A Note: I have a lot of fellow indie authors that follow this blog, and I wonder if some of them think oh, the film noir post – it can’t teach my anything about writing. Ah, but that’s where you’d be wrong :). Many of these movies are based on classic crime fiction, and they are great examples of how to intricately plot a story, and how artfully fleshed-out characters make a story.
Best of Film Noir – An Unusual Noir Hero
Farley Granger (Strangers on a Train) plays Bowie Bowers, a man wrongly convicted of murder. He escapes from prison with two crooks, and as is typical of film noir, these men will come back to haunt Bowers. Granger does a fantastic job as a sensitive young man who is ill-prepared for the consequences of his actions. Robert Mitchum once claimed he was director Nicholas Ray’s first choice to play Bowers, but Ray had Granger in mind ever since Ray and Granger had a meeting at Gene Kelly’s house (ah those old Hollywood guys rubbing elbows – my character Reed Ferguson would’ve loved to be there :)). Somehow, I can’t see Mitchum in the role.
Best of Film Noir – Cathy Who? as The Film Noir Female
Farley Granger suggested to Ray that Cathy O’Donnell play the role of Keechie Mobley. Granger had known O’Donnell because they both worked at Samuel Goldwyn Studios. The role of Mobley ended up being O’Donnell’s most famous role, and it is not the typical film noir female. Mobley doesn’t deceive Bowie, or trick him in any way. And she is not sexy in the classic way either. When we first see her, Mobley is wearing overalls (not at all sexy). She is vulnerable and innocent. And O’Donnell plays the role to perfection. Sadly, she died young, at age 46, on her 22nd wedding anniversary.
Best of Film Noir – So What Makes This Noir?
The dark themes and the low-key black-and-white visual styles. The doomed characters. But this is film noir with a twist. This is the first real example of lovers on the run (the precursor to Bonnie and Clyde). It’s about the dark side of society, and tragic destiny that the main characters cannot escape, even though we see a touching scene where it seems that they have escaped that destiny. It’s a love story that goes awry, and it’s spelled out in the most tender of terms, and yet there is an underlying menace that permeates the entire movie.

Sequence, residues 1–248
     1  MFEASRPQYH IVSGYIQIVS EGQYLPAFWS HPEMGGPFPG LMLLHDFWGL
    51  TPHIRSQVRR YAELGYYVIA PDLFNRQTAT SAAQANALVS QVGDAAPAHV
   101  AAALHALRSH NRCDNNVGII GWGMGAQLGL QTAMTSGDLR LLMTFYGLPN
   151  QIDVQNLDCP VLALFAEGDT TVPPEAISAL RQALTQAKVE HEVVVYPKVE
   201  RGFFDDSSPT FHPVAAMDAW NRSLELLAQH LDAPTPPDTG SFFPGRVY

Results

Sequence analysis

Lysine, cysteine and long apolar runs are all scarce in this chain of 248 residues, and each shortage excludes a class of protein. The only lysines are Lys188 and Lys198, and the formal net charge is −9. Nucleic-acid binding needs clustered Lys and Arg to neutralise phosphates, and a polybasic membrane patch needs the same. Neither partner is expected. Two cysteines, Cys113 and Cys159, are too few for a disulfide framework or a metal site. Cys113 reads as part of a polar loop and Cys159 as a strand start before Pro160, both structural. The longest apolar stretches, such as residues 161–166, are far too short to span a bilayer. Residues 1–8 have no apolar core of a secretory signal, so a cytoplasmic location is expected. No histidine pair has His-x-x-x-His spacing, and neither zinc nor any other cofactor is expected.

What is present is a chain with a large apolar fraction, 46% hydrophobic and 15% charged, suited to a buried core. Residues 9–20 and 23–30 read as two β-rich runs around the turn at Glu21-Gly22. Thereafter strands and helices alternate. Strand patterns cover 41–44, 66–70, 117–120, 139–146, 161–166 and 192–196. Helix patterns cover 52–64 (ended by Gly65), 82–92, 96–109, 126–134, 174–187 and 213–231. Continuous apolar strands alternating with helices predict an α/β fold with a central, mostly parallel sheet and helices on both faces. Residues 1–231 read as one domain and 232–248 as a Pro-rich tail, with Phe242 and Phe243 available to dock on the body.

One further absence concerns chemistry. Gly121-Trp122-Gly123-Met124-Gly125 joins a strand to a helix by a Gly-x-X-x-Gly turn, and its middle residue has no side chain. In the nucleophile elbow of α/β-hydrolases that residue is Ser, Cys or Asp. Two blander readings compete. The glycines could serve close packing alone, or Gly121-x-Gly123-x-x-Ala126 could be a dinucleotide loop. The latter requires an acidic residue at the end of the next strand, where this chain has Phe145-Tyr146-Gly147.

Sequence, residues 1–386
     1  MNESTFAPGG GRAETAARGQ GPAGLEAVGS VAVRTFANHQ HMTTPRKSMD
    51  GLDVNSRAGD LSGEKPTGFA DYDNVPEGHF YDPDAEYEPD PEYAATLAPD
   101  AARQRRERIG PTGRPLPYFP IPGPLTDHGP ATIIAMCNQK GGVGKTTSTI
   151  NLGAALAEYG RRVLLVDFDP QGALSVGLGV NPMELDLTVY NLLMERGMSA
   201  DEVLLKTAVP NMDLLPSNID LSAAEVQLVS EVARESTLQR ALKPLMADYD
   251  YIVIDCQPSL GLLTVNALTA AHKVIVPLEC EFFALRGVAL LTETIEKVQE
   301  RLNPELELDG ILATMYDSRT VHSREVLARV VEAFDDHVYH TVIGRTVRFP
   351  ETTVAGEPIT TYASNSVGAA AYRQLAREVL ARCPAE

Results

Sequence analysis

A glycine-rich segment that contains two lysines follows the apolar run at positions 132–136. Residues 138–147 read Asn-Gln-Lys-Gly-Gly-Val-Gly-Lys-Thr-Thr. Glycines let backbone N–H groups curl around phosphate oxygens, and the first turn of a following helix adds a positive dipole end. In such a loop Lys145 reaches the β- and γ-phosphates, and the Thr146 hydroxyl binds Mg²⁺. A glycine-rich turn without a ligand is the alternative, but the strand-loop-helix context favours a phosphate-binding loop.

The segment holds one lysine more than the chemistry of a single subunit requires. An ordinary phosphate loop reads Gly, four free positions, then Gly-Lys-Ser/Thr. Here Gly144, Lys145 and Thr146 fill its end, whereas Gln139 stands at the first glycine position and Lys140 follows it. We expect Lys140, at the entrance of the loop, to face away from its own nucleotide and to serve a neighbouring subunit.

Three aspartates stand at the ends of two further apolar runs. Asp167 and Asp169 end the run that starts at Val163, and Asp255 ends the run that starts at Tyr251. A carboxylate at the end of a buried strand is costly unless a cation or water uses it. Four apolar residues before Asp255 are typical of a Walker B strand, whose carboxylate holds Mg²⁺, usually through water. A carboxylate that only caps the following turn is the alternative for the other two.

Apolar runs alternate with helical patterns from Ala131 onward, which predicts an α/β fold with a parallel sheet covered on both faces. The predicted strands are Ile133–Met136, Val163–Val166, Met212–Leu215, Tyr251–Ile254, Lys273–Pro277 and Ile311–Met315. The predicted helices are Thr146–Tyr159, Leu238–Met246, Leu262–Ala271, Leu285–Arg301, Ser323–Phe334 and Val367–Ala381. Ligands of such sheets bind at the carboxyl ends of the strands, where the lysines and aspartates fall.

Best of Film Noir – A Great Opening
I talked in another post about a great opening helping to carry a movie (or novel). This movie is an example of this. This boy and this girl were never properly introduced to the world we live in is the superimposed opening title, and it foreshadows the rest of the movie. As the plot unfolds, we see how our protagonists do not possess the necessary skills or maturity to handle the decisions they are making. We wait to see what the big bad world has in store for them, knowing that it can’t be good. We want to know more – and that is what great openings do for us, whether it’s a movie or novel.
Best of Film Noir – The Book Behind The Movie
They Live by Night is based on the depression-era novel called Thieves Like Us, written by Edward Anderson. This story, although it might seem dated now, takes a bit of Dashiell Hammett and mixes in John Steinbeck’s The Grapes of Wrath. It fuses well-developed characters with gritty action. Raymond Chandler considered it a great forgotten novel of the 1930s. If you write crime fiction, or you just want to study how a great story is constructed, this novel is worth the read.
Some have called this movie the Romeo and Juliet of noir. It’s a wonderfully soulful movie that is worth your time. So get your popcorn and soda and settle in for some film noir fun.
If you enjoy film noir, you’ll like my Reed Ferguson mystery series. Reed is a wannabe private eye who loves film noir and crime fiction, and these mystery novels are consistently well-reviewed: This Doesn’t Happen In The Movies, Reel Estate Rip-off, and the short story Elvis And The Sports Card Cheat.
5 Star Review
There is little doubt that Renée Pawlish is a promising new voice to the comic murder/mystery genre. Quite noticeable…is Pawlish’s adept development of the plot coupled with her ability to contrive clear, concise and playful prose with almost perfect pacing.
Norman Goldman, Bookpleasures Publisher and Editor